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Aristotle - Physics II, 3, and Metaphysics V, 2 - Cause and effect

Identifier

014998

Type of Spiritual Experience

Background

This observation is an exceptionally useful adjunct to the more general section on this site about cause effect and the need to find the causes of anything.

I have edited the Wikipedia description to keep the general sense but make it more understandable , the example is mine because their example was meaningless.

A description of the experience

Wikipedia

Aristotle's word for "cause" is the Greek αἴτιον, aition, a neuter, singular form of an adjective meaning "responsible.".   He uses this word in the sense meaning an explanation for how a thing came about; in this context, "x is the aition of y" means "x explains y".  Aristotle wrote that:

"we do not have knowledge of a thing until we have grasped its why, that is to say, its cause."

"Four causes" refers to an influential principle in Aristotelian thought whereby causes of change are categorized into four fundamental types of answer to the question "why?" Aristotle was convinced that his four causes provided an analytical scheme of general applicability.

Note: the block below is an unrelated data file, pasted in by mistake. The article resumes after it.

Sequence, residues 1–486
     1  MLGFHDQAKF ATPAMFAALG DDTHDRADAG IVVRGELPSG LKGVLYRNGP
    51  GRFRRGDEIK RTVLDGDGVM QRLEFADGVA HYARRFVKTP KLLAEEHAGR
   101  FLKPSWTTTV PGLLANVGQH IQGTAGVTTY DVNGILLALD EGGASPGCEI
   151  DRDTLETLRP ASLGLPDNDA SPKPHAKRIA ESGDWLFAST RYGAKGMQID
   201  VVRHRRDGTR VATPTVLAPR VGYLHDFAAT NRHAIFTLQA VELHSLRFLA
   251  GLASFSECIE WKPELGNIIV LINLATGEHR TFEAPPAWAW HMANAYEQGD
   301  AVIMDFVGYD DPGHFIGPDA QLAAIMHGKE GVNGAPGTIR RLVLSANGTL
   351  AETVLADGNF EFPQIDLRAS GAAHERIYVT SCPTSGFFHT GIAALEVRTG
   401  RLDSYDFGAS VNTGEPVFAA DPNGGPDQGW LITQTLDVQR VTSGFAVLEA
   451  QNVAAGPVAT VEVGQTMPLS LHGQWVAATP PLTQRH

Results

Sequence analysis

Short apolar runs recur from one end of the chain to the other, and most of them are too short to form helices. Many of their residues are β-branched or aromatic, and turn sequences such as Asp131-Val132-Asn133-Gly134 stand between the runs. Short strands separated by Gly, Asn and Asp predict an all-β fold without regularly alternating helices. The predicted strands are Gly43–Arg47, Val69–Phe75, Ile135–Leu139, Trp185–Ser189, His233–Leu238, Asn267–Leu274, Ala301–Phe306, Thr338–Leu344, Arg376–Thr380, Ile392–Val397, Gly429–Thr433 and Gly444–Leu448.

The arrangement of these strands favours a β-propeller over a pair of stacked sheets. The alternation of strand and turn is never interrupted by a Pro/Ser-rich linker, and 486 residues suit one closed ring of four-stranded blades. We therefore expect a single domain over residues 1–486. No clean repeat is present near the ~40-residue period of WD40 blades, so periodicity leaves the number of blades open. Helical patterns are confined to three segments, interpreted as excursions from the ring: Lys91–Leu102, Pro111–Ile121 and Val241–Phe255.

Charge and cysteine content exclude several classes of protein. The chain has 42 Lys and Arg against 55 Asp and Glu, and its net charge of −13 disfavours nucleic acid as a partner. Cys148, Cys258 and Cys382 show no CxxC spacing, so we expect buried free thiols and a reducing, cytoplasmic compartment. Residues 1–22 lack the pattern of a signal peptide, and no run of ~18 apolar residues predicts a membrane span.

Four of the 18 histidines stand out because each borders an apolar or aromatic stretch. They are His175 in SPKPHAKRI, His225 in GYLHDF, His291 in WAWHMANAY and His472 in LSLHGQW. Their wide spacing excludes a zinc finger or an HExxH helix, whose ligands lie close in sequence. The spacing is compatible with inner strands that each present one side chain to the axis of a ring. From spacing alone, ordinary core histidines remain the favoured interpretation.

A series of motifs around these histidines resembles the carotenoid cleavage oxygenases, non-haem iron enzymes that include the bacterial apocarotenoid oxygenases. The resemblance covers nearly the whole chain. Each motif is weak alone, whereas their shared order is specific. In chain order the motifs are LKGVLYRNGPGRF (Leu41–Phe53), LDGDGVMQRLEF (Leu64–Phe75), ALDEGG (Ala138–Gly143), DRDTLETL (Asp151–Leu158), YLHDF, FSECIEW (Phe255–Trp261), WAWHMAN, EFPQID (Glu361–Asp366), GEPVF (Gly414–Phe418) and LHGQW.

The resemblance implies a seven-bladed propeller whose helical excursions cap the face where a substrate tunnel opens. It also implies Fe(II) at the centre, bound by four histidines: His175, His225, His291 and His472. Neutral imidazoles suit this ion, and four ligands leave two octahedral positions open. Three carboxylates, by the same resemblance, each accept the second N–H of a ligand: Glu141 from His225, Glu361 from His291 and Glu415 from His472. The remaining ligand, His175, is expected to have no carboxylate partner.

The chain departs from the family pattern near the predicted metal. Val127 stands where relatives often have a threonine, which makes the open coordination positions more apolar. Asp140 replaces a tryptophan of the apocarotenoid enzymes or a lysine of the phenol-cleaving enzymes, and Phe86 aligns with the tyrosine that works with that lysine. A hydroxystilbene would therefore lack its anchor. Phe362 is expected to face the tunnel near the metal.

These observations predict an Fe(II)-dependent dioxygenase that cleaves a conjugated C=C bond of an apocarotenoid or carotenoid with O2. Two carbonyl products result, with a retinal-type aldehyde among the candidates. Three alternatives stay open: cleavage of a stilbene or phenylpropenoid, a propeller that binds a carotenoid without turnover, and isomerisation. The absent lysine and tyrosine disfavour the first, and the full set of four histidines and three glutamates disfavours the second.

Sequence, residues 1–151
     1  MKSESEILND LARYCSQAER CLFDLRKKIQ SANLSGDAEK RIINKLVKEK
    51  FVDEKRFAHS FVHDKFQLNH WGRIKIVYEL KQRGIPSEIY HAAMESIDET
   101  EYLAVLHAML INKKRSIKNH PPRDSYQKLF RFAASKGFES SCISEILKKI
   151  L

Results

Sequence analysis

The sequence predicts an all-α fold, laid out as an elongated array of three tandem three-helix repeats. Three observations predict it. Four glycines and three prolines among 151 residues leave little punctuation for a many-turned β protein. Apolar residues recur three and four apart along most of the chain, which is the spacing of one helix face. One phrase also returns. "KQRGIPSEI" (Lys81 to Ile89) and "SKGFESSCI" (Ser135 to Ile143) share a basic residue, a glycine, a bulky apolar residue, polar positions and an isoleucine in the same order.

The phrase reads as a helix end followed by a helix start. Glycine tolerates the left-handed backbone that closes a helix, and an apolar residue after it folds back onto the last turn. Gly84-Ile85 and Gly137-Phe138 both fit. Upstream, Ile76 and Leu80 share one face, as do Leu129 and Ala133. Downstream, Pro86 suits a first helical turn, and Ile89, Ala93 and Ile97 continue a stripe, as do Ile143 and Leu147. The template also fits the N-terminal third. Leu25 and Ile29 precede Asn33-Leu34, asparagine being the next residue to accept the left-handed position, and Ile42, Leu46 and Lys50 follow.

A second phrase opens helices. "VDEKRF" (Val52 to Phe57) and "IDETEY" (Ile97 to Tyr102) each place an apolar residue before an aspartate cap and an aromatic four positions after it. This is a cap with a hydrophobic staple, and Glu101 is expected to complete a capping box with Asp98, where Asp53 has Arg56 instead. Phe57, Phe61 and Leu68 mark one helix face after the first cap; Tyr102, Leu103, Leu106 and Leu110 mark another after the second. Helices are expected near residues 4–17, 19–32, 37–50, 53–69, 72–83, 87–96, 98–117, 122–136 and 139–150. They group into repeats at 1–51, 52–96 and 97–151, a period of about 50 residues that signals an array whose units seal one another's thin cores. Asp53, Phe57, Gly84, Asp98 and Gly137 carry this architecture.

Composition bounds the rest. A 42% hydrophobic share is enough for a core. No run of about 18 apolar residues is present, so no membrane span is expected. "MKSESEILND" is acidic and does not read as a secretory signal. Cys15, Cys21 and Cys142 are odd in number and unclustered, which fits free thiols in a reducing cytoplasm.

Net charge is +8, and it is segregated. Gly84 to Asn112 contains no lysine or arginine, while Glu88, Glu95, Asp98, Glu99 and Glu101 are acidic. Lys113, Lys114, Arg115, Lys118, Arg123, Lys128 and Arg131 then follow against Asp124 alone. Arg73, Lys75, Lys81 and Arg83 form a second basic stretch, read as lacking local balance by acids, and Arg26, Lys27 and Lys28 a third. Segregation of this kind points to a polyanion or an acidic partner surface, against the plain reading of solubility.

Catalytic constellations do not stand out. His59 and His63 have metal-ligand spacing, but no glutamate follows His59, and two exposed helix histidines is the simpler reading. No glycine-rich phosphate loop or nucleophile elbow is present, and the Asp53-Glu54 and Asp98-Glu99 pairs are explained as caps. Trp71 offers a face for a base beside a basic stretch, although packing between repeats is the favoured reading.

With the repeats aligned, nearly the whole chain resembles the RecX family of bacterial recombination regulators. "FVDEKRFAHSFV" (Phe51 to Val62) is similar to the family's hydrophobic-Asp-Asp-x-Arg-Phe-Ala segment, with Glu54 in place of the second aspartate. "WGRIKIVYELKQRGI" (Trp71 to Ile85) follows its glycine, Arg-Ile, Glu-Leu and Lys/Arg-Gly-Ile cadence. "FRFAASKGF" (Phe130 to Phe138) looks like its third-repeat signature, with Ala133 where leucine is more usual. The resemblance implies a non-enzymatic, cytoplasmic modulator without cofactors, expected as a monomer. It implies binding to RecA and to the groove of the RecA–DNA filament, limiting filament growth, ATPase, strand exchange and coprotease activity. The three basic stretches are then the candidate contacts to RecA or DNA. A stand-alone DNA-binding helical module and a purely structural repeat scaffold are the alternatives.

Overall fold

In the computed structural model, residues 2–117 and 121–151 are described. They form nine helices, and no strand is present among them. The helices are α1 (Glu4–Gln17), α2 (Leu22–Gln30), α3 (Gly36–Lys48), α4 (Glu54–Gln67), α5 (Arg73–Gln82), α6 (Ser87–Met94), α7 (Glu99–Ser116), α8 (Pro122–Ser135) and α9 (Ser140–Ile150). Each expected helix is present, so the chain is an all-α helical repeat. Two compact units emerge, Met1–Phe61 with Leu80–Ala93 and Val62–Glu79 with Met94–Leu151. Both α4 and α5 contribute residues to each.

Aristotle held that there were four kinds of answers to 'why' questions (in ):

  • A change's  material cause is the aspect of the change  which is determined by the material which the moving or changing things are made of.   Thus a rock [thing undergoing change] might fall down [effect]  because it is made of stone [cause], note thta this does not exclude other causes
  • A change's formal cause is a change by the arrangement, shape or appearance of the thing changing or moving. Thus a rock [thing undergoing change] might fall down [effect]  because it is made of stone [cause], and because it was on the brink of a precipice. 
  • A change's efficient or moving cause consists of things apart from the thing being changed or moved, which interact so as to be an agency of the change or movement. Thus a rock [thing undergoing change] might fall down [effect]  because it is made of stone [cause], because it was on the brink of a precipice [cause] and because someone heaved it over the edge [cause]
  • An event's final cause is the end toward which it directs. In effect it is the end of the cause effect chain.   Thus a rock [thing undergoing change] might fall down [effect]  because it is made of stone [cause], because it was on the brink of a precipice [cause] and because someone heaved it over the edge [cause].  The effect is that ot falls down, but the final cause [in reality the final effect] is that it smashes into smithereens on the rocks below.

The source of the experience

Aristotle

Concepts, symbols and science items

Symbols

Science Items

Activities and commonsteps

Activities

Commonsteps

Cause effect diagrams

References